Information Station Specialists Website     

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 Founding & Firsts  

Our Founder
Founder Bill Baker 
A Fresh Idea

Travelers' Information Stations (TIS) began with various experimental stations and pilot projects conducted in the 1950s-1970s in national parks and at certain airports, highways and bridges. As a result, the Federal Communications Commission (FCC) issued a notice-of-inquiry; and a rulemaking process ensued that led to federal rules in 1977, which, with certain modifications, continue to govern today.

In 1980, armed with a BA in communications from Indiana University and three years’ experience at a small broadcast station in Moline, Illinois, Bill Baker (pictured left) decided that to serve certain needs, the radio service needed to get more focused. The idea came to him while camping on the shores of Lake Michigan. He knew there was potential in starting a tiny radio station to broadcast continuous messages specifically for campers. Since every vehicle had a radio receiver, it occurred to Baker that it would be "cool" if there were a little radio station in the park where he camped. "I decided to do something," he says. After returning home, he investigated, then pursued his idea. The technology already existed. "All we did was apply a little creativity to integrating, assembling and making it accessible," Baker recounts. "It was a great use of FCC-approved technology and spectrum."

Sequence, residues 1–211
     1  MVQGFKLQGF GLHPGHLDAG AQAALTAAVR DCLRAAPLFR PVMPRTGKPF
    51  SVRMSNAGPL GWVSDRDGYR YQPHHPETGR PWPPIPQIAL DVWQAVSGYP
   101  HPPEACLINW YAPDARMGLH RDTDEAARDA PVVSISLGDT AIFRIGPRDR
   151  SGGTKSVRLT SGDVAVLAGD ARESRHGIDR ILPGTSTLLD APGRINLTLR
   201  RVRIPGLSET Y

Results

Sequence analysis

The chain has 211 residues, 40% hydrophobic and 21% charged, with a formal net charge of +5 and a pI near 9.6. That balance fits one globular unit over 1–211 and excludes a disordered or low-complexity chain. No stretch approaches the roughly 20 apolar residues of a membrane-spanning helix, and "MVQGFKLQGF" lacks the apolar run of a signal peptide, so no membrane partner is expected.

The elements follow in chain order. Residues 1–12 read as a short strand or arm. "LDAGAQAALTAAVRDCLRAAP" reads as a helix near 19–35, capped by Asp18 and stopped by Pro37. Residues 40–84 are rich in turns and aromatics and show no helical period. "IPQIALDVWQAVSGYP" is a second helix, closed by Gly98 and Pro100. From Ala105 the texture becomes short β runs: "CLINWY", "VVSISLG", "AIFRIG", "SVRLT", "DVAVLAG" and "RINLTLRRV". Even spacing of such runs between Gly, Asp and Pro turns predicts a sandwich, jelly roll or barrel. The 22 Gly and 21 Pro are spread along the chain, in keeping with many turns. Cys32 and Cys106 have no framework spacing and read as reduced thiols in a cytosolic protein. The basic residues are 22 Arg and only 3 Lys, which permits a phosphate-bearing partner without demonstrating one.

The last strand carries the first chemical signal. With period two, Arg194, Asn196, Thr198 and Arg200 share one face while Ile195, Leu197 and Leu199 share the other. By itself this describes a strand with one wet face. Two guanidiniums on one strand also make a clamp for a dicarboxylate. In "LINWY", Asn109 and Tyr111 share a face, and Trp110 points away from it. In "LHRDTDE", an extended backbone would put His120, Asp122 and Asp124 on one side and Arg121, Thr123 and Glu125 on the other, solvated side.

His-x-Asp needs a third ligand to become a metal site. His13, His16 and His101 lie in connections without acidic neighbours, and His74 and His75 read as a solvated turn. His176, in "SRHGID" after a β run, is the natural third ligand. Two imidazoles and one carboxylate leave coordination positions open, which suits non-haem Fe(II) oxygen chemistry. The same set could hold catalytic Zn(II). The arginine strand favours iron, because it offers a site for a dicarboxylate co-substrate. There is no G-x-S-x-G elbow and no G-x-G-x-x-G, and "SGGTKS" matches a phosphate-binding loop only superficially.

Two years later he formed his own company, TouRadio, in Davenport, Iowa, to offer and install low-power AM radio stations that would allow park officials to communicate directly with visitors. In the summer of 1982, he convinced the manager at Mississippi Palisades State Park in Illinois to try his idea, offering to set up a station at a campground for free. It worked.

Humble Beginnings

In 1983, the fledgling company with a new name, Information Station Specialists, officially rolled out its first “Information Station,” a 10-watt, AM-band Travelers Information Station (TIS) with a 3-5-mile-radius range and a companion product with 1/10 watt of power for about ½-mile range. National parks and local visitor and convention bureaus became Information Station Specialists' first customers. In 1984 Baker met Megan McCombs, who became the company’s first accountant and his wife.

In 1986 Bill and Megan Baker moved their family’s company to the Lake Michigan area, where it remains today. They operated the company from their home for eight years. Bill did the marketing; Megan did the book work. In 1989 they hired their first employee. Information Station Specialists steadily grew. By 1994 it outgrew the family home, so the Bakers moved the entire operation to an office and production facility on 88th Avenue in Zeeland, Michigan.

They credit the company's success, particularly in the early days, to a no-nonsense approach with customers. “I recall that after our first installation, the buyer wrote me a letter and cited his satisfaction that we merely ‘did what we had proposed to do,’ It seemed like a low bar; and yet, the honoring of the sales contract was what had impressed the buyer.” Baker realized that an honest approach to business was something the market viewed as an important selling point, perhaps more critical than the product itself. “A customer knows that a product can always be repaired it if is defective, but that’s not true for the character of the company they are purchasing from.” Baker’s Christian faith informed the company’s focus on “truth in advertising,” and customers apparently appreciated it. Seemingly, the more Information Station Specialists presented products transparently, the more customers came through its doors.